‘Are you handling it?’

  ‘Yes. Yars only handles the grand jury. It’s all me from here on out.’

  ‘Then how could I say no? Of course we need to keep this strictly professional, so you better send me a subpoena anyway.’

  She felt her face go hot again. ‘Very funny. Thanks for, um, understanding, about keeping this – our friendship, that is – professional between us.’

  ‘I never said that I understood. I said I accepted it. Big difference.’

  She walked with him past the deserted maze of the secretarial pool to the security access doors just outside the elevator bay.

  At the door he turned to her. ‘Manny and I are meeting for drinks at the Alibi to go over some things. You’re welcome to join us if you’d like. All three of us can remain professional over a couple of beers.’

  ‘Thanks, but I’d better not. I’ve got lots of thin
gs to finish up.’

  ‘Alright, then. Have a good weekend, Counselor. I guess I’ll see you on Wednesday, after the grand jury.’

  ‘Stay dry,’ she called out just as the elevator doors closed, leaving the dark office hallway deserted once again.

  43

  It took the grand jury less than an hour to indict William Rupert Bantling on first-degree murder in the death of Anna Prado. And it only took them that long because they had ordered lunch during deliberations and the bill was on the state only if they ate before they finished with the case.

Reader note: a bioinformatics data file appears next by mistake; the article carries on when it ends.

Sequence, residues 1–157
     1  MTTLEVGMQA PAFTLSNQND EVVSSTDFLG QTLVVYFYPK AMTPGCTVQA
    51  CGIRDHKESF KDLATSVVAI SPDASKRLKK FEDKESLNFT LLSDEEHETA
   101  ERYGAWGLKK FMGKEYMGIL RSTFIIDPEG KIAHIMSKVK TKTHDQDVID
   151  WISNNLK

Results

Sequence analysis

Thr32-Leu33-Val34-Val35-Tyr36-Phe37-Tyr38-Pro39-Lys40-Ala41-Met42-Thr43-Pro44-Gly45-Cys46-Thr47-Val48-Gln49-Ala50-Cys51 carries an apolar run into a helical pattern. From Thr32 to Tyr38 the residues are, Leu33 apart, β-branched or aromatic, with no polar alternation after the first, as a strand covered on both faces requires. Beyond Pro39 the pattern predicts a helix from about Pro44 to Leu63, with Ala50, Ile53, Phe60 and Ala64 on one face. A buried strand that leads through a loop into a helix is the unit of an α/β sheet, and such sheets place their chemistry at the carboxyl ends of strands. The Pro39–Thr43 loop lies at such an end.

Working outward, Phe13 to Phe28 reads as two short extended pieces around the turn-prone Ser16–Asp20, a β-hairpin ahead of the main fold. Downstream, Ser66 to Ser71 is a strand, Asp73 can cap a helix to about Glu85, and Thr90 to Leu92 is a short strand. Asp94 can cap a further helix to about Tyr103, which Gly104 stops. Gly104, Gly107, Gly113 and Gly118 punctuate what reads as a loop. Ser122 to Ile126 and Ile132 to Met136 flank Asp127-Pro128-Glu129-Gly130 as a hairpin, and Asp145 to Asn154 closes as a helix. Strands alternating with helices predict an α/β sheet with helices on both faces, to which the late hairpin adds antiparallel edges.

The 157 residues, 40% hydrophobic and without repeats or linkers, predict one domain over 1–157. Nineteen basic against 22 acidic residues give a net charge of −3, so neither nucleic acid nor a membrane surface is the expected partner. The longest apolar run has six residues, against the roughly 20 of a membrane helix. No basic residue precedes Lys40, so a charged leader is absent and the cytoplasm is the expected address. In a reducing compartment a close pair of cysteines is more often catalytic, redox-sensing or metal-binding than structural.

Within a matter of minutes after the indictment was handed down, the media hordes had descended on the news and devoured it, and then instantaneously regurgitated the information on the pristine marble steps of the Dade County courthouse through dazzling white smiles, analyzing ‘what it really meant’ for captive TV audiences around the world.

  C.J. had not expected a decision to be that quick. In fact, she was in a hushed meeting with the State Attorney himself, Jerry Tigler, when one of the secretaries ran into the conference room with the news and turned on the TV. C.J. and Tigler, along with the U.S. Attorney for the Southern District, and the FBI’s Miami Special Agent in Charge all watched on live television as a flustered and red-faced Martin Yars, Chief Assistant for the Miami-Dade State Attorney’s Office, painfully stumbled through even the simplest of words on the courthouse steps, ineptly trying to satisfy the insatiable questions of the dozen or so press corps who had nailed him unexpectedly for interviews on the way to his car. It looked bad. It sounded worse.

  The impromptu meeting at the State Attorney’s Office had been called at the joint request of both the Federal Bureau of Investigation and the U.S. Attorney’s Office. It seemed the feds wanted Cupid, and they didn’t want to share. All eyes in the room were silently glued on Yars, who had chosen now, of all times, to develop a bad stutter. After a few more difficult moments, blessedly, even Channel 7 took pity and went to commercial. Tom de la Flors, the U.S. Attorney for the Southern District, broke the uncomfortable silence in the room.